Revolution is quickly becoming a show about regret — perhaps as a consequence of focusing on the older generation, after Charlie and Danny failed to hold anyone's interest. And nothing says "regret" like a reunion with your ex. Nothing, perhaps, except for hilarious teenage flashbacks! Spoilers ahead...
In any case, if someone holds your ex at gunpoint, you should probably let them pull the trigger, judging from last night's episode. Save yourself some drama.
Seriously, though — what is Revolution about? It was originally a show about a world where nothing technological works any longer, and thus everybody is reduced to vaguely 19th century levels of tech. And in this world, there are petty dictators and militias, but also people who are starting over and building their own communities. This seemed pretty interesting — and then General Monroe got power back, and it became more of a show about asymmetrical power, where one side has helicopters and nobody else does.
Now, we're apparently watching the show turn into a full-fledged war narrative, where despite all the helicopters and things, Monroe still faces overwhelming opposition from the rebels and the GeorgiaRepublic, largely thanks to "Magic" Miles Matheson.
All of this has a certain amount of potential, honestly — and this show has the unique ability to ask the sort of questions 1960s Star Trek used to ask about power. Who has it, who deserves it, how to use it ethically, and so on. Is the world actually better off if only a few strongmen have access to high technology, versus if everybody has it? Would that result in a less violent, more sustainable world?
And Revolution can ask some really cool questions about what sort of society we want to live in, through the topic of rebuilding in the ashes of the old world. When people are left to their own devices, without the kind of "global village" that the internet and telecommunications give us today, do they create better or worse communities? Do racism and homophobia make a raging comeback, once small communities are left to their own devices? Do people feel more license to misbehave without worrying they'll wind up on television?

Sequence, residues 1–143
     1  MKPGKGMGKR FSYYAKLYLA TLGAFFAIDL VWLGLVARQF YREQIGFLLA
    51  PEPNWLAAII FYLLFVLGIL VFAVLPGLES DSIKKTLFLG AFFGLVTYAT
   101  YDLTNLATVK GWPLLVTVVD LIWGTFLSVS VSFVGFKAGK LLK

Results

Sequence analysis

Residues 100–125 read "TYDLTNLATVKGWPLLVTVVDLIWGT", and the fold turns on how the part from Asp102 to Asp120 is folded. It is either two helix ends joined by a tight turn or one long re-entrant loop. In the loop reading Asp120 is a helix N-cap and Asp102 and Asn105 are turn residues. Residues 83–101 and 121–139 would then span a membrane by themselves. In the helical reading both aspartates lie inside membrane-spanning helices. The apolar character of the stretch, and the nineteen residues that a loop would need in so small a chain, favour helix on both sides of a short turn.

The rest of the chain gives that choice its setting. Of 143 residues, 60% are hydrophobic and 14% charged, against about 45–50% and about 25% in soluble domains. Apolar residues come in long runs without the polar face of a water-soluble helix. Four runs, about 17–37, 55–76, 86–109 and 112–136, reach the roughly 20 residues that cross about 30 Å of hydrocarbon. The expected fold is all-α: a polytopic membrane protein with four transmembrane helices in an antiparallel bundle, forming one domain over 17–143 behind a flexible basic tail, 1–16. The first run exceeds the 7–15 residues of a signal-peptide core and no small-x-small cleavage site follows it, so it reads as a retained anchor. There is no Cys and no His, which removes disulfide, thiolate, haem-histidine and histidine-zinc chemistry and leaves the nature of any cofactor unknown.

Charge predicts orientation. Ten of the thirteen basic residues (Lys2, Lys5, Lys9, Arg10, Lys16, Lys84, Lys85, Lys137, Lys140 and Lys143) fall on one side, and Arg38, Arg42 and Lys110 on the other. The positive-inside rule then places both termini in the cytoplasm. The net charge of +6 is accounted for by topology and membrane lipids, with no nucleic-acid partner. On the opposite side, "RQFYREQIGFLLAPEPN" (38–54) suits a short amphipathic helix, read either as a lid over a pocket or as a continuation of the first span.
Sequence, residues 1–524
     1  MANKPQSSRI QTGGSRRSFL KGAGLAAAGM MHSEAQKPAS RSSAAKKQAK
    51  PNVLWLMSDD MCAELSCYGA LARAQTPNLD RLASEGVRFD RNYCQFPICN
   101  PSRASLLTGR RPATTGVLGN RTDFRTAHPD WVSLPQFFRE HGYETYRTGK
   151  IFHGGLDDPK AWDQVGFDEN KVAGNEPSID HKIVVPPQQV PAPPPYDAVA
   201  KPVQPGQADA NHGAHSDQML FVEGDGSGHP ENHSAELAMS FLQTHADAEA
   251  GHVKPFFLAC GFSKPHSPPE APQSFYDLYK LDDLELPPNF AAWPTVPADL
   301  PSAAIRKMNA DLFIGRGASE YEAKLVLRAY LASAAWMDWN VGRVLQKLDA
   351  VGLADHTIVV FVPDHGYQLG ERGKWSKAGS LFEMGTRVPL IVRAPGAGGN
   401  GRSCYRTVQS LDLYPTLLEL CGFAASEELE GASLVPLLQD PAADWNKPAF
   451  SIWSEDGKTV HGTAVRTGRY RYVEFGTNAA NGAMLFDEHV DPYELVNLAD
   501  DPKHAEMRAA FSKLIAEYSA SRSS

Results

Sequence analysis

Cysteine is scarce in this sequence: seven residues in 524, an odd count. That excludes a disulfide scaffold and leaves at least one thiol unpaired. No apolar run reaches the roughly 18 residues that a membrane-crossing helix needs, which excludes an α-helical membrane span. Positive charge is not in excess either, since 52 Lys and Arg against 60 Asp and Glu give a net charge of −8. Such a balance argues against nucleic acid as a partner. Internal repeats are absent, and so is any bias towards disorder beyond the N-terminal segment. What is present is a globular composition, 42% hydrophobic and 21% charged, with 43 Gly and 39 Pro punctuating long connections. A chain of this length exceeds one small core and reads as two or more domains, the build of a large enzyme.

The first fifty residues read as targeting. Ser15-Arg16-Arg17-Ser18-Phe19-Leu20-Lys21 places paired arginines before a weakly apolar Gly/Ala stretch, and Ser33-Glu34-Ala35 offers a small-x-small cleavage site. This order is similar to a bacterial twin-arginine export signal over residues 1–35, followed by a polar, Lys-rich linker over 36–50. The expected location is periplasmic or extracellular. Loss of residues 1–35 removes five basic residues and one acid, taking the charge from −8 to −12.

I'm spitballing here. But whether you buy the "nanotech" origins, the setup of Revolution seems like it has a lot of great potential.
In any case, what we're getting is a show about regret, in which the main characters are all haunted by bad decisions they made in the past — this time around, it's mostly Miles, Google and The Cape. Miles feels bad because when he was a soldier before he was a total dick, and now he's a soldier again. Google feels bad because he abandoned his wife, which he SHOULD FEEL BAD ABOUT. The Cape feels bad because the old Rob Lowe-in-The-Outsiders version of him is dead, and he can't be that guy any more.
So here's the actual plot of last night's episode: in the "A" story, Monroe takes his old hometown hostage, including the girl that both he and Miles loved in high school, to try and lure Miles to his death. But Monroe is reminded of his past when he was less of a psychopath, and finds out he has a kid somewhere. (And we learn something bad happened to Monroe's family in 2010.) Meanwhile, in the "B" story, Google runs into his ex-wife, and helps her get away from a bounty hunter because she's a fugitive now.
The flashbacks are the best part of this episode, because they're screamingly funny in their teen-movie earnestness. The rest of the episode is melodramatic, but ultimately kind of forgettable, I guess.
The thing about building a show like Revolution around regret, though, is that it's at odds with the most interesting questions that a post-electricity world raises, which are all fundamentally about the future. Given that the central axis of the show, for now, appears to be the relationship between Miles Matheson and Sebastian Monroe, it would be neat to get some hint as to what the two of them disagree about. What are their contrasting visions for the future? Or failing that, what was it about Sebastian's leadership that Miles objected to so violently?